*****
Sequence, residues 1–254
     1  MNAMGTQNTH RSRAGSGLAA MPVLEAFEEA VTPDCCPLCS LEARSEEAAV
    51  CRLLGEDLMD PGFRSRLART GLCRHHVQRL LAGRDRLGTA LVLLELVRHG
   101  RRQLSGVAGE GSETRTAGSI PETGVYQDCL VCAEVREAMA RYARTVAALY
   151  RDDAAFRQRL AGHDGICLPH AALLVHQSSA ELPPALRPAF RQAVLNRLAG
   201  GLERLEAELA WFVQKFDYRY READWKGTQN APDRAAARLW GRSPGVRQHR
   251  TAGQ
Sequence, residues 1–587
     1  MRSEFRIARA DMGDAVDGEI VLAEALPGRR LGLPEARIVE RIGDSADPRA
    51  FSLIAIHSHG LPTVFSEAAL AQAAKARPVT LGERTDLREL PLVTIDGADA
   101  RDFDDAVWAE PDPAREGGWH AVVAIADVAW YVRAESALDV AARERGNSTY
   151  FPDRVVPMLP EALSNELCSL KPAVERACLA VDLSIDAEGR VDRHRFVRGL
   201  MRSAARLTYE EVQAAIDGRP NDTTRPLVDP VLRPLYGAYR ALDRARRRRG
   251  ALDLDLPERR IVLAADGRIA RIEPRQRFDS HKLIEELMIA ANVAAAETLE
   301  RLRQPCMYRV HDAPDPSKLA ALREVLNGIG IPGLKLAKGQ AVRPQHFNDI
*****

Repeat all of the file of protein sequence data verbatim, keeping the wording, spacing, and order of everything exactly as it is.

Sequence, residues 1–254
     1  MNAMGTQNTH RSRAGSGLAA MPVLEAFEEA VTPDCCPLCS LEARSEEAAV
    51  CRLLGEDLMD PGFRSRLART GLCRHHVQRL LAGRDRLGTA LVLLELVRHG
   101  RRQLSGVAGE GSETRTAGSI PETGVYQDCL VCAEVREAMA RYARTVAALY
   151  RDDAAFRQRL AGHDGICLPH AALLVHQSSA ELPPALRPAF RQAVLNRLAG
   201  GLERLEAELA WFVQKFDYRY READWKGTQN APDRAAARLW GRSPGVRQHR
   251  TAGQ
Sequence, residues 1–587
     1  MRSEFRIARA DMGDAVDGEI VLAEALPGRR LGLPEARIVE RIGDSADPRA
    51  FSLIAIHSHG LPTVFSEAAL AQAAKARPVT LGERTDLREL PLVTIDGADA
   101  RDFDDAVWAE PDPAREGGWH AVVAIADVAW YVRAESALDV AARERGNSTY
   151  FPDRVVPMLP EALSNELCSL KPAVERACLA VDLSIDAEGR VDRHRFVRGL
   201  MRSAARLTYE EVQAAIDGRP NDTTRPLVDP VLRPLYGAYR ALDRARRRRG
   251  ALDLDLPERR IVLAADGRIA RIEPRQRFDS HKLIEELMIA ANVAAAETLE
   301  RLRQPCMYRV HDAPDPSKLA ALREVLNGIG IPGLKLAKGQ AVRPQHFNDI